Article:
Equité et libre-échange

CAMBRIDGE – Le systéme de commerce mondial va être confronté à un choix crucial à la fin de l'année, un choix qui n'a pas été fait lorsque la Chine a rejoint l'Organisation mondiale du commerce (OMC) il y a presque 15 ans. Les USA et l'UE doivent décider s'ils continuent à considérer la Chine comme une "économie autre que de marché" (NME, non-market economy) ou s'ils lui accordent le statut d'économie de marché dans le cadre de leurs échanges commerciaux. Malheureusement, alors que la bataille s'intensifie autour de cette question, le choix est posé en des termes tels qu'ils empêchent de remédier aux vices de construction du systéme de commerce international.

Signé en décembre 2001, l'accord qui a permis à la Chine de rejoindre l'OMC autorisait ses partenaires commerciaux à la considérer comme une "économie autre que de marché" pendant une durée maximale de 15 ans. Ce statut facilite l'imposition d'une taxe contre le dumping (prix de vente d'une marchandise inférieur à son coût de production) aux produits importés de Chine. En particulier, ils peuvent faire référence aux coûts de production dans les pays plus riches en lieu et place des véritables coûts chinois, augmentant ainsi à la fois la probabilité de conclure à un dumping et sa marge estimée.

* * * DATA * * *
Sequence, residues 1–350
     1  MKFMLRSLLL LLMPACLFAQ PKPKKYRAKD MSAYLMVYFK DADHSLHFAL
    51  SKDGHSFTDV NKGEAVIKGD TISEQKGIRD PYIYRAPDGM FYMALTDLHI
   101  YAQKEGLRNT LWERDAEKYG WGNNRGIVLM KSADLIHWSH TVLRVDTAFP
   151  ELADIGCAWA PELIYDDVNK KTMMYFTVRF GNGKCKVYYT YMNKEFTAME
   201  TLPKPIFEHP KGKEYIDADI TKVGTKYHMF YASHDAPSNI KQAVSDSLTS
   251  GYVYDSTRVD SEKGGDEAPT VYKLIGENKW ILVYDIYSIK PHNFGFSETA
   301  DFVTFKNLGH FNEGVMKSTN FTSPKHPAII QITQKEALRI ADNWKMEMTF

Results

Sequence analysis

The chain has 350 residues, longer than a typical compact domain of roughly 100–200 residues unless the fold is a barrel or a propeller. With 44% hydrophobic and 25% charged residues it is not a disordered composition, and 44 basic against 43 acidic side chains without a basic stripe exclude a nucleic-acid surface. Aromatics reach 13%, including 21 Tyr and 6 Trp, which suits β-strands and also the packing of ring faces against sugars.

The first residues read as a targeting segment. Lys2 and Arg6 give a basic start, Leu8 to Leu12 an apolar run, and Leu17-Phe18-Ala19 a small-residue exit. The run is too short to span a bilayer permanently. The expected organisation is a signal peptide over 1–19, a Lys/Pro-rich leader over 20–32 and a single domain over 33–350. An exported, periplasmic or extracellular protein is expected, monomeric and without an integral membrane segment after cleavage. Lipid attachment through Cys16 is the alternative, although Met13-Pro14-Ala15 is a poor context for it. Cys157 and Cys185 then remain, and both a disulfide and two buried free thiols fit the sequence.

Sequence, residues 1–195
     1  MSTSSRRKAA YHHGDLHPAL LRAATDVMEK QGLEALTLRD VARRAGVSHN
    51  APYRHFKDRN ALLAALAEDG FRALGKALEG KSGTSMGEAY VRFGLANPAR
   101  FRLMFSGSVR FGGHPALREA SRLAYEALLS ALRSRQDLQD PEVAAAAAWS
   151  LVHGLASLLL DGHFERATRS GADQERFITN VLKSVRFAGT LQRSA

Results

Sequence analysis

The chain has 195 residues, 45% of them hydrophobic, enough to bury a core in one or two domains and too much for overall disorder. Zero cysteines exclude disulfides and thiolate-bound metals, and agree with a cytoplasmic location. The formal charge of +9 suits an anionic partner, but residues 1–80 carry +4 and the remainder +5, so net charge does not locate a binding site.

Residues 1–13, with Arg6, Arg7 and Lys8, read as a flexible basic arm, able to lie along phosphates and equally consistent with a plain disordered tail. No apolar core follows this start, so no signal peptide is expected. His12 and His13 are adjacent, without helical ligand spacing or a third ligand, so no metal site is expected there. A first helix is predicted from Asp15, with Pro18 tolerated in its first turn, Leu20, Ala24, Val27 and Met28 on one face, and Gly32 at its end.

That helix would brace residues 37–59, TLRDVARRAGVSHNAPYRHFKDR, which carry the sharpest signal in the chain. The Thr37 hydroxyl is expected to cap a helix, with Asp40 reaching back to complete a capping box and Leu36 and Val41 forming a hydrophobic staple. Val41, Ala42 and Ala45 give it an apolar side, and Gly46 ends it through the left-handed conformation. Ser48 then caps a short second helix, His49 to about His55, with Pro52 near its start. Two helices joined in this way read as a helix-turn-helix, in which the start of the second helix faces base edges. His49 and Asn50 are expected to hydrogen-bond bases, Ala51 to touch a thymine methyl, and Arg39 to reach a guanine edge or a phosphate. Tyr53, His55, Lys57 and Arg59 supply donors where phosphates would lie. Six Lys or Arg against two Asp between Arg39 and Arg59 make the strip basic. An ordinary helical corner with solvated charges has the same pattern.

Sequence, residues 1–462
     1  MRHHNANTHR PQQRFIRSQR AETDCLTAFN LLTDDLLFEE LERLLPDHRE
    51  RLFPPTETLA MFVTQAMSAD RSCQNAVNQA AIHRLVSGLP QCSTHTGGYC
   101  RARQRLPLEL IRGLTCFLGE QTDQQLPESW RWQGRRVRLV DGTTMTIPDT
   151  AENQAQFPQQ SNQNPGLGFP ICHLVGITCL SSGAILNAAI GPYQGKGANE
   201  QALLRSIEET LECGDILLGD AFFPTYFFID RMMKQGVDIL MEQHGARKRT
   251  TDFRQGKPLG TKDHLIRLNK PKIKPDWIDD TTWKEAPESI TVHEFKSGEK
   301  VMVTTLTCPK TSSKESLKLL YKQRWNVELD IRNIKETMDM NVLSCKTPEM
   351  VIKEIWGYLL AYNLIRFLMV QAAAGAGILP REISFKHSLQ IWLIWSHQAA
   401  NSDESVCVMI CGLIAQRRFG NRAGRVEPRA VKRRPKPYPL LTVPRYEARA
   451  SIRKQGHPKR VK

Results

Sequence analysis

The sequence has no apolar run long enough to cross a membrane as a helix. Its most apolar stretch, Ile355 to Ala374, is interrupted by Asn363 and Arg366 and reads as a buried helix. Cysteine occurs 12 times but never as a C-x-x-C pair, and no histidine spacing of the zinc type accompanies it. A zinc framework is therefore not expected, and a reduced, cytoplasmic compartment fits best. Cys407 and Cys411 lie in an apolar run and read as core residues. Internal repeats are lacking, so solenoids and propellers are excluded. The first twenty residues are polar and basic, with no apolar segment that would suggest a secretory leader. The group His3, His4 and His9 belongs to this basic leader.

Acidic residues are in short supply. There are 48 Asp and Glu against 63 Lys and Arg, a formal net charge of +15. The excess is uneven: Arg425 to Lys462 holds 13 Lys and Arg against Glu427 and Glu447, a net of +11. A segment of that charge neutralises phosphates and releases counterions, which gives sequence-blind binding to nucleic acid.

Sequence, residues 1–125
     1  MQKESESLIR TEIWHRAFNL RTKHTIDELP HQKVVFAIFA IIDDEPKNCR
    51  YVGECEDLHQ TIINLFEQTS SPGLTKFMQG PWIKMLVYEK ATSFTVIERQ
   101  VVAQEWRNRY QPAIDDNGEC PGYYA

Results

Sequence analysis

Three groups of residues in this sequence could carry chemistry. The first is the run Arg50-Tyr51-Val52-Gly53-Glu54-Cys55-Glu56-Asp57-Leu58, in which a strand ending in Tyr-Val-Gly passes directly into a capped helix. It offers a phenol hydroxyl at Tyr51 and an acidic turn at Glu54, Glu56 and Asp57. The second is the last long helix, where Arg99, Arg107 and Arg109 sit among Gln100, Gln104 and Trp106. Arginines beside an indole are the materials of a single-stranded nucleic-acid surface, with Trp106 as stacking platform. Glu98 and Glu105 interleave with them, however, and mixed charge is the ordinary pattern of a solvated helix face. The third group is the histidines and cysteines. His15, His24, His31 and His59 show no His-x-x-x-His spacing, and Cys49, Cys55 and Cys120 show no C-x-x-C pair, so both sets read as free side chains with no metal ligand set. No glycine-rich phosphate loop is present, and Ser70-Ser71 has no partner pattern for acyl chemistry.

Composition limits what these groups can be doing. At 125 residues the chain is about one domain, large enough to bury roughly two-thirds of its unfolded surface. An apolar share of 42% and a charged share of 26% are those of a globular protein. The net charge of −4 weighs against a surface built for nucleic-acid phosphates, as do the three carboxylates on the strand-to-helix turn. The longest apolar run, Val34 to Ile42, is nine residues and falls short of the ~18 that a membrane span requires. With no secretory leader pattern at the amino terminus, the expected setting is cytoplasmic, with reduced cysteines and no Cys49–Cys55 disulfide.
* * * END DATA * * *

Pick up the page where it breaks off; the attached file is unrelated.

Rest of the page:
Aujourd'hui, bien que de nombreux pays (notamment l'Argentine, le Brésil, le Chili et la Corée du Sud) aient déjà accordé à la Chine le statut d'économie de marché, les deux premières puissances économiques mondiales, les USA et l'UE, ne l'ont pas fait. Par ailleurs, les mesures antidumping, aussi fondées soient-elles, ne sont pas adaptées pour combattre les pratiques commerciales inéquitables, car leurs conséquences vont bien au-delà de la question du prix. Elles vont dans le sens du pire protectionnisme qui soit et ne font rien en faveur des pays qui auraient besoin d'une marge de manœuvre en matière de politique commerciale.

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